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Govt to pay Dutch farmers $38 million in compensation

The government is preparing to pay $38 million as compensation to eleven Dutch farmers who were forced off their land during the ‘chaotic’ land reform programme in 2000.

In 2012, a group of Dutch farmers launched a campaign to force the Zimbabwean government to pay them $23 million compensation as ordered by the International Centre for the Settlement of Investment Disputes in 2009.
The Dutch government then put pressure on Zimbabwe to fulfil its international obligations under the Bilateral Investment Protection Agreement between the two countries.

Reports said a special envoy appointed in 2010 had travelled regularly to Zimbabwe to negotiate with local officials.

The government has now made an agreement for $38 million with the Dutch Government to compensate the 11 farmers.

This was revealed in Parliament recently when Harare North legislator, Allan Norman Markham inquired about Zimbabwe’s agreement with the Dutch government from Finance and Economic Development Minister, Professor Mthuli Ncube.

Markham also wanted to know more details on the Global Settlement Deed, an agreement the Zimbabwean government made with the Commercial Farmers’ Union of Zimbabwe (an exclusive union for white commercial farmers) in July 2020 to pay white farmers US$3.5 billion as compensation for the losses incurred from the same land reform programme.

“On the Global Settlement Deed, I have received a three-page summary and that is all.  On the issue of the Dutch farmers, I have received the terms of payment to the farmers signed by the representatives of the Zimbabwe Government. I actually have not received the loan or the terms of the loan from the Dutch Government to the Government of Zimbabwe to pay the said farmers but I am happy with what I have got on that one,” Markham said.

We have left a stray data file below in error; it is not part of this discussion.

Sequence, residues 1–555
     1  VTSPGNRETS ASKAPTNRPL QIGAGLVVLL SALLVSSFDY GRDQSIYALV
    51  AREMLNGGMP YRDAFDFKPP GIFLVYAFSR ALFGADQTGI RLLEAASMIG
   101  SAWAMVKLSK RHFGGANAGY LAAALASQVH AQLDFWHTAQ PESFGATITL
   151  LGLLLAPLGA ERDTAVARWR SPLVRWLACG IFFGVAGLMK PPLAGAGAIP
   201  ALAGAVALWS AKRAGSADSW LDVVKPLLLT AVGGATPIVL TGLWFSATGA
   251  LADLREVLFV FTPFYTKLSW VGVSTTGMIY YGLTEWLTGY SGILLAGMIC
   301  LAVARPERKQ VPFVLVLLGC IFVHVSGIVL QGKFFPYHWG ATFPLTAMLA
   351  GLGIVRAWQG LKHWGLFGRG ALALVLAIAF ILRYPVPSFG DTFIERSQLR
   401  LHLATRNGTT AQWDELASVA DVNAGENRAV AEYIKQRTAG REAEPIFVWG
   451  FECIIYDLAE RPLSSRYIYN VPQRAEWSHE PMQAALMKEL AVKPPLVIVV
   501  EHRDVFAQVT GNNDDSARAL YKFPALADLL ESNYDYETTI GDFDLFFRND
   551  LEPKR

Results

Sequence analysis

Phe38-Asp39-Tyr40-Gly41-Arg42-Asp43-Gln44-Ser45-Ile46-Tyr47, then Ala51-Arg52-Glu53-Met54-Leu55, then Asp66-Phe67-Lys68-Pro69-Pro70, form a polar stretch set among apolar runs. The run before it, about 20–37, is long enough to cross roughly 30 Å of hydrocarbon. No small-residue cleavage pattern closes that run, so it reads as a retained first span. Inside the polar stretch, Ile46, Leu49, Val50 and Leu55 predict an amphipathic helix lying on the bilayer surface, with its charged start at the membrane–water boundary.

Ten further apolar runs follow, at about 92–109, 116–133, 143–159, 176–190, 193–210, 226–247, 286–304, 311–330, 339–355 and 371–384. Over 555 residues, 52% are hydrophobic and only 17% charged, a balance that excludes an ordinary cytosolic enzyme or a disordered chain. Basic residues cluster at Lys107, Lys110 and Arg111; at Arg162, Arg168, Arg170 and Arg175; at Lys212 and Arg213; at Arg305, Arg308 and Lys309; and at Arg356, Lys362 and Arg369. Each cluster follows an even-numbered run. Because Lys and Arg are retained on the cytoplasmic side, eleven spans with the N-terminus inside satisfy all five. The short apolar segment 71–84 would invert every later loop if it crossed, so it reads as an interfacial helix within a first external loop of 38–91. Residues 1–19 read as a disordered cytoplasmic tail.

In response, the finance minister said it was his intention to only provide a three-page summary on the Global Settlement Deed, as the document was signed under restricted conditions of confidentiality.

“It only becomes public when they have signed the cessation and when we are ready to pay, then it comes before this House for approval and I will table it before this House for approval properly. For now, it is still in abeyance as a negotiation document. We have no wish to release it and if I do, then I am violating the agreement with the farmers, they will be very upset,” Prof Ncube said.

On the issue of the payment to the Dutch farmers, Prof Ncube added: “I am pleased that at least Hon. Markham is happy with the issue regarding the Dutch farmers.”

But Markham was not happy with the finance minister’s response on the payment of global funds for white farmers, questioning why the settlement was confidential.

“US$3.5 billion going to some 4 000 farmers who have been waiting 20 years for it and it is still confidential.  We as a House need to know what is happening and what we are tying ourselves to for the future,” said the legislator, who indicated it was worrisome that the government had ‘numerous’ confidential loans.

“I do not accept any confidential agreement on a loan that I have paid taxes to.  In my case, having lost a farm I am now paying tax to myself for that land which does not make sense.”

The finance minister said he would address some of the grey areas in a progress report to be presented later.

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